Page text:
Elizabeth and Hazel: Two Women of Little Rock
by David Margolick
Yale University Press, 2011. 310 pgs. Nonfiction
In September, 1957 courts ordered the schools in Little Rock, Arkansas to integrate. Nine black students were chosen to begin attending Central High school, but when they got to school the first day they were greeted by an angry mob that blocked their entrance. Photographer Will Counts captured an image of white student Hazel Bryan yelling racial slurs at black student Elizabeth Eckford that has become one of the most published photographs of the Civil Rights era. But what happened to Hazel and Elizabeth after that day? Margolick interviews both women and describes the ways in which they have lived with the legacy of that photograph during the last fifty years as well as how race relations in America have fared during that time.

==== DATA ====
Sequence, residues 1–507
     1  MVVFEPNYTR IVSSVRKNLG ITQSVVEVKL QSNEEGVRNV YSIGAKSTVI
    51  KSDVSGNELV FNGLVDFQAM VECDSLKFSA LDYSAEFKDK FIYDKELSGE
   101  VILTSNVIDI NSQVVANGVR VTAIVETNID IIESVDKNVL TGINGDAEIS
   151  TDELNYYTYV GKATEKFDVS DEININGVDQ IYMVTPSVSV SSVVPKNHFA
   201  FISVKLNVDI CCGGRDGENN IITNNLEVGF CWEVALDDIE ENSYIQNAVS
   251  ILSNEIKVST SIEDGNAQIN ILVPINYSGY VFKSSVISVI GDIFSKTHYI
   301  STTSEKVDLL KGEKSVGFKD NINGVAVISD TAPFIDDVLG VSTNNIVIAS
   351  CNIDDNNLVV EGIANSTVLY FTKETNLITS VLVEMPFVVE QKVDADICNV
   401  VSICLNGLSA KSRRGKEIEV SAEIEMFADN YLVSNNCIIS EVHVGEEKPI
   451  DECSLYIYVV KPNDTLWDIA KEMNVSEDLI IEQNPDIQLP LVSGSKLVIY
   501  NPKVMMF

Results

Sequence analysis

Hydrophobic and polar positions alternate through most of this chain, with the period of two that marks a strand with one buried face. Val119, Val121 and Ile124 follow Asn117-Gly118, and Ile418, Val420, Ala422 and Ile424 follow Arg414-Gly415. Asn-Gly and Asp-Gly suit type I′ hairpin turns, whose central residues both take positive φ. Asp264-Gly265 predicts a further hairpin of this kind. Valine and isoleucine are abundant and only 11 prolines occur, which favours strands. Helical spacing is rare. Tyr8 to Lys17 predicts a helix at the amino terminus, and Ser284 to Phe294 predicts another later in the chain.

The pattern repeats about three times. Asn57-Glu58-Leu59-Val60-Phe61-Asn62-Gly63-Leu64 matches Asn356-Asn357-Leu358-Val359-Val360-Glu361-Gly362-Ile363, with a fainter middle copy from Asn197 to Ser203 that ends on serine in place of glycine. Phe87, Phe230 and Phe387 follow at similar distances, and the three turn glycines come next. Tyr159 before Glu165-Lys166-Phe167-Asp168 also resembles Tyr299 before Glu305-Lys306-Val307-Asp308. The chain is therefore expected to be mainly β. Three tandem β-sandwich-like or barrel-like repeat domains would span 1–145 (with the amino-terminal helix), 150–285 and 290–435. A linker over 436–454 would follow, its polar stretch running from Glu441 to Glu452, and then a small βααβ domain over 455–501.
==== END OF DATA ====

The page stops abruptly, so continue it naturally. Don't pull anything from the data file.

This book gave me a greater, more complex understanding of recent American history. Margolick doesn’t shy away from describing the difficult and ugly parts of our past, and he doesn’t try to force the story into a moral or a happy ending. At the same time, this was a very good book and I felt like I understood and empathized with both of these women much more than I would have before reading it.